Frequently Asked Questions


Male Mallard

Mallard


What is migration?
Migration is the cyclic or periodic travel of an animal as it returns eventually to its original place of departure. Migration is often annual and is closely linked with the cyclic pattern of the seasons. It is most evident among birds, which have a highly efficient means for traveling swiftly over long distances. The migration of most birds is a yearly cycle.
Do all birds migrate?
Not all birds migrate. The more severe the climate of an area, the greater percentage of nesting birds migrate. Two-thirds of bird species found in the United States migrate, some only short distances to more southern states. Those that do migrate have adaptations not seen in their non-migratory relatives. Migratory birds can build fat stores as an energy source for long flights. Migratory birds usually have longer, more pointed wings and weigh less than related non-migratory birds.
Why do birds migrate?
There are a number of explanations for migration. (1) Birds migrate to areas where food is more abundant, (2) there is less competition for nesting space, (3) the climate is milder, or (4) the daylight hours are longer. These enhance the chances of survival of a bird and its brood. Most birds require a rich, abundant supply of food at frequent intervals because of their high metabolic rate. Adequate food is not available throughout the year in most regions. North American birds must endure the hazards of winter or migrate to more friendly climates. In winter they migrate to the warmer, southern regions of the United States, Caribbean, Mexico, Central America and South America where food is abundant. In the spring, these birds fly north to habitats where spring and summer provide more food production and less competition for food and nesting sites than in their winter habitat. Summertime at northern latitudes also means more daylight hours to seek food for themselves and their nestlings.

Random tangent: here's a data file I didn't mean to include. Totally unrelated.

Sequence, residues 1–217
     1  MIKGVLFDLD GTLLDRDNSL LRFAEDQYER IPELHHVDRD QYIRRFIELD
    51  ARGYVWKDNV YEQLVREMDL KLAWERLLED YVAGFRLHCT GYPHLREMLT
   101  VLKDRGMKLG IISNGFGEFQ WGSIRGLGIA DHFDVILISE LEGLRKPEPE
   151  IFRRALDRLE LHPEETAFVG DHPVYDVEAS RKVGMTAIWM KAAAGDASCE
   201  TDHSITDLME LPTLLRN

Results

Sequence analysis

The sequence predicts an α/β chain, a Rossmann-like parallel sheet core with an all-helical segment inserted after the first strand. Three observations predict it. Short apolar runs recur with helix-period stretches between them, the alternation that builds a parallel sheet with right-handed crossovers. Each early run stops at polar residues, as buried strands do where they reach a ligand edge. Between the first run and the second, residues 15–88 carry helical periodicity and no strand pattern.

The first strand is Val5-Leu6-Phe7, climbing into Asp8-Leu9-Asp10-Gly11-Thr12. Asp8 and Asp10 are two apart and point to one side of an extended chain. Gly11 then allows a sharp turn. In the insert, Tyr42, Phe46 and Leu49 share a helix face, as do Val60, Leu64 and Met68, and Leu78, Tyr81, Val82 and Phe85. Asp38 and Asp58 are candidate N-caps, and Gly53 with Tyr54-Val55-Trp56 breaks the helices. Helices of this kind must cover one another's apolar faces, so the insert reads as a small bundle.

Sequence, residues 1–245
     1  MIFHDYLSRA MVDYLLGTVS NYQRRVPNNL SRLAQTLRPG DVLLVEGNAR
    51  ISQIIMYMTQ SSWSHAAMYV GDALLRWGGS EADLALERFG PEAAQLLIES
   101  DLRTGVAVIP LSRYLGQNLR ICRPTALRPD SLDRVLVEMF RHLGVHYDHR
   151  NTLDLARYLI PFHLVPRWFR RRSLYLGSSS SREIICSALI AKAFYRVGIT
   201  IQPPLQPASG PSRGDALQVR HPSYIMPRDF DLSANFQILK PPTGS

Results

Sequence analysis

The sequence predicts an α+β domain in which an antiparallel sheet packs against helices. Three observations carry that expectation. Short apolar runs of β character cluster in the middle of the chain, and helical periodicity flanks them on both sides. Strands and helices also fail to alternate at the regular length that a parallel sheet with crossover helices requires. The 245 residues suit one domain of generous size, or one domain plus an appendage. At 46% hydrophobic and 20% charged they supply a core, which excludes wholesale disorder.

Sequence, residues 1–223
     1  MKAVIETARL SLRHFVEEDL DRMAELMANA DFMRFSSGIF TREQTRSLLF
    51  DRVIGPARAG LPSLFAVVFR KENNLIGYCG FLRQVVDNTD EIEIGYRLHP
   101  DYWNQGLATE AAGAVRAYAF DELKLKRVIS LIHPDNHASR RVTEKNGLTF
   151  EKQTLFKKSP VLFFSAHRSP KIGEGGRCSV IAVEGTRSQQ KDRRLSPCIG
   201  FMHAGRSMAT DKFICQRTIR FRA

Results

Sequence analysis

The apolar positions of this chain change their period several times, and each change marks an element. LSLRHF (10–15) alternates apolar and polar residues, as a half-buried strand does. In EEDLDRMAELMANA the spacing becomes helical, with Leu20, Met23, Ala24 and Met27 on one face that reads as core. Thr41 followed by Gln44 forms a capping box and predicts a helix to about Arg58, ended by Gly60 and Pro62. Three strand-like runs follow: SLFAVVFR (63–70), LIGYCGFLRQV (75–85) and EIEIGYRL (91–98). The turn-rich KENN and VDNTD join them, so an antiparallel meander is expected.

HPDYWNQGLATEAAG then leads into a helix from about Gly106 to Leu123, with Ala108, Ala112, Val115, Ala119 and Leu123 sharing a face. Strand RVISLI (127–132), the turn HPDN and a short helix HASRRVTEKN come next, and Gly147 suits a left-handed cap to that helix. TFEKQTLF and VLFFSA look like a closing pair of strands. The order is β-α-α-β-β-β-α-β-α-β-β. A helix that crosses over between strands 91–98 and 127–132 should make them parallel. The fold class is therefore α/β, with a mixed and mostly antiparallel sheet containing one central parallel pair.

Where do migrating birds go?
Many nesting birds in Canada and the northern United States fly south to the tier of states along the Gulf of Mexico where the winter climate is more favorable and food is abundant. More than 300 species of birds that nest in the United States and Canada migrate to the West Indies or Central and South America. The principal wintering area for Neotropical Migrants extends through Mexico and Central America to Panama; it has the highest density of winter bird residents in the world.
Do birds follow established migratory routes?
The migratory flights of many migrating birds follow specific routes, sometimes quite well-defined, over long distances. The shape of the continent determines the main routes of migration. These routes run north to south and include the Atlantic oceanic route, the Atlantic Flyway, the Mississippi Flyway, the Central Flyway, the Pacific Flyway, and the Pacific oceanic route (see Section 2). Geographic factors, ecological conditions and meteorological conditions determine such routes. The majority of migrants travels along broad airways within these flyways changing their flight direction in response to the direction and force of the wind. Some routes cross oceans or huge bodies of water. Some small songbirds migrate 500-600 miles across the Gulf of Mexico.
How far do migrating birds travel?

Migration usually involves latitudinal or altitudinal travel. The distance may be a few miles or thousands of miles. In mountainous areas, birds, mammals and others move just a few miles from upper zones where they breed to the foothills or plains during seasons when the weather is severe and unfavorable. Clark's Nutcracker, for example, of the Rocky Mountains nests in the summer high in the mountains then winters in the lower forests.

The Ruby-throated Hummingbird nests from the southern United States up into Canada and winters as far south as Panama. Some of these little birds fly nonstop across the Gulf of Mexico (up to 600 miles). Many flycatchers fly similar routes. Some birds, such as robins or grackles, winter in large flocks in the Gulf States.

The seasonal flights of American wood warblers are spectacular. Some winter in the Gulf States and the West Indies; others fly as far south as Guyana, Brazil and Peru. Tanagers and Bobolinks migrate through the eastern United States, past Cuba to southern Brazil, Bolivia, and Argentina.

How fast do migrating birds fly?
The speed of flight depends largely on the species and the type of terrain covered. Birds fly faster when migrating than otherwise. Birds seem to fly faster in spring migration than in the fall. Migrants fly faster over water than over land. The American Golden-Plover may fly over 2400 miles south over the Atlantic Ocean at nearly 60 mph. Common Loons are among the fastest flyers at nearly 70 mph. Woodcocks on the other hand, fly at just over 10 miles per hour. Birds migrating over land may make stops for food and rest.